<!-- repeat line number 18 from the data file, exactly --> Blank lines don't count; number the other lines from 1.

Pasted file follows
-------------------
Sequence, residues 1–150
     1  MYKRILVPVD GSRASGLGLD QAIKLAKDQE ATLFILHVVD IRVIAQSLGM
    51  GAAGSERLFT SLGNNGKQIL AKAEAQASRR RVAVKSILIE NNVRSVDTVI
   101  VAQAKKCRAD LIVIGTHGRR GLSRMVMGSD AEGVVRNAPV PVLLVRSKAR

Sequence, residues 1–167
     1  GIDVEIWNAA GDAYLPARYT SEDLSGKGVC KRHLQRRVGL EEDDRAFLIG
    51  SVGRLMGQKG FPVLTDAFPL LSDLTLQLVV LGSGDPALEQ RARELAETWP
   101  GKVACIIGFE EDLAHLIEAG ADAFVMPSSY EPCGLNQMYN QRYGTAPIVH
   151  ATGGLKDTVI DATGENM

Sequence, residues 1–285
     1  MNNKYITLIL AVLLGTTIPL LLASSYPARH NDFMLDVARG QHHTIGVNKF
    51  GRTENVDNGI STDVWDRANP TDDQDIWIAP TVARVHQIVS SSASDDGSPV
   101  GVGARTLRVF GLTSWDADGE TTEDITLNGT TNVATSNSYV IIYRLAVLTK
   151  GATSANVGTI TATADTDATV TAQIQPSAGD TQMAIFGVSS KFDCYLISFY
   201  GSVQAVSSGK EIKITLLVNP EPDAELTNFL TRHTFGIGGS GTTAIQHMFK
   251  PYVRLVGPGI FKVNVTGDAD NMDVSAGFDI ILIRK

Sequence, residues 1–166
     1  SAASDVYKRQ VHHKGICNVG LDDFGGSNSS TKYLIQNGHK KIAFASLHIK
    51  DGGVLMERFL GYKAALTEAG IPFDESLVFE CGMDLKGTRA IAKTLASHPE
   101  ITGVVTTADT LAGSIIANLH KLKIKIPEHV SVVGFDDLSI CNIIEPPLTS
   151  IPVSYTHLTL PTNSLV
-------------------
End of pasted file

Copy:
     1  SAASDVYKRQ VHHKGICNVG LDDFGGSNSS TKYLIQNGHK KIAFASLHIK